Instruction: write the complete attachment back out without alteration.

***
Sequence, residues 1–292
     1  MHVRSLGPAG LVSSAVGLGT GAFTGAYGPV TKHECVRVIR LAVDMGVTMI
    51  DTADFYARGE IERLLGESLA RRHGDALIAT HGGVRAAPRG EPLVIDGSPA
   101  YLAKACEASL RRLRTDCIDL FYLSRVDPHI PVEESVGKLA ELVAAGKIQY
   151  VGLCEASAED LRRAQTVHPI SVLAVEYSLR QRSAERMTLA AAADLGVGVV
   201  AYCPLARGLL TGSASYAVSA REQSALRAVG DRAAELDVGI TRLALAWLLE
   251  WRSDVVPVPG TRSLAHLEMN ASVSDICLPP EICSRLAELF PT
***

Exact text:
Sequence, residues 1–292
     1  MHVRSLGPAG LVSSAVGLGT GAFTGAYGPV TKHECVRVIR LAVDMGVTMI
    51  DTADFYARGE IERLLGESLA RRHGDALIAT HGGVRAAPRG EPLVIDGSPA
   101  YLAKACEASL RRLRTDCIDL FYLSRVDPHI PVEESVGKLA ELVAAGKIQY
   151  VGLCEASAED LRRAQTVHPI SVLAVEYSLR QRSAERMTLA AAADLGVGVV
   201  AYCPLARGLL TGSASYAVSA REQSALRAVG DRAAELDVGI TRLALAWLLE
   251  WRSDVVPVPG TRSLAHLEMN ASVSDICLPP EICSRLAELF PT